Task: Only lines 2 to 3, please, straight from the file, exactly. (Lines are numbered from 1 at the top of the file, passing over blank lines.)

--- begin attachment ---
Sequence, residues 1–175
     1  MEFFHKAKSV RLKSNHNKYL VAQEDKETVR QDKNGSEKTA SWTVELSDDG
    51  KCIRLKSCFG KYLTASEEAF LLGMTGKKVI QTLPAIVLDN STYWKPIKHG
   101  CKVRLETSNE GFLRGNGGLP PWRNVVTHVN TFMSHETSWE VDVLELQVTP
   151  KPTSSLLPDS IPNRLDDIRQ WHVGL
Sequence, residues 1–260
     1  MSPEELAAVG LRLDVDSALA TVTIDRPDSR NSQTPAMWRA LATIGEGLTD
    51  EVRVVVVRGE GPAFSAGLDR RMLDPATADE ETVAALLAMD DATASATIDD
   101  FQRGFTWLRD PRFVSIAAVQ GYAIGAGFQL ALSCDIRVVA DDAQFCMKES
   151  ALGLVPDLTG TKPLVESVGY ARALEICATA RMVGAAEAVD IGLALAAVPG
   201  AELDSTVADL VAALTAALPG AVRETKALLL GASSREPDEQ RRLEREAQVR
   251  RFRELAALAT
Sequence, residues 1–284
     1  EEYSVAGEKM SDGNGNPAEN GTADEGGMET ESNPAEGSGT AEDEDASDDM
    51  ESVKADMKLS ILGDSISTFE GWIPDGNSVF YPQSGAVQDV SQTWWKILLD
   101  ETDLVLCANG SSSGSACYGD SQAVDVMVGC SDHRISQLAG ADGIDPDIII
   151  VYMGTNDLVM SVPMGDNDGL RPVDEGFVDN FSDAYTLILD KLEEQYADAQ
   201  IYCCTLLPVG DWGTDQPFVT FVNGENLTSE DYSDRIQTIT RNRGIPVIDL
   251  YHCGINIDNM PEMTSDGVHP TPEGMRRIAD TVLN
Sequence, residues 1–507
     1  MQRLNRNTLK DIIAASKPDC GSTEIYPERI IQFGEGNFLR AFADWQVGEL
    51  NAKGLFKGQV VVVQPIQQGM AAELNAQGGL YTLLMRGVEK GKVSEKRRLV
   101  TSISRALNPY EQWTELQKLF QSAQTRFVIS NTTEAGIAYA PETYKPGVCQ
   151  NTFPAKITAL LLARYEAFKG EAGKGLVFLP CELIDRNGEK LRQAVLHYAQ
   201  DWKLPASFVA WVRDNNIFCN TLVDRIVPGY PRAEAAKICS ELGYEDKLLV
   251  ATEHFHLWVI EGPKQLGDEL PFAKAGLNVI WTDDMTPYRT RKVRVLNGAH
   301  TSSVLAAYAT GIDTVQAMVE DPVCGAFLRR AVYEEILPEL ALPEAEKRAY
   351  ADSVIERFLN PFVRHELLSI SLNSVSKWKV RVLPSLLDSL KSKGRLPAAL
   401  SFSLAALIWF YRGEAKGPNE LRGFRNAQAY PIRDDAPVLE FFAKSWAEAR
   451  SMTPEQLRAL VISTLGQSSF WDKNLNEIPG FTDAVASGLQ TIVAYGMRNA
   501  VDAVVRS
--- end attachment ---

     1  MEFFHKAKSV RLKSNHNKYL VAQEDKETVR QDKNGSEKTA SWTVELSDDG
    51  KCIRLKSCFG KYLTASEEAF LLGMTGKKVI QTLPAIVLDN STYWKPIKHG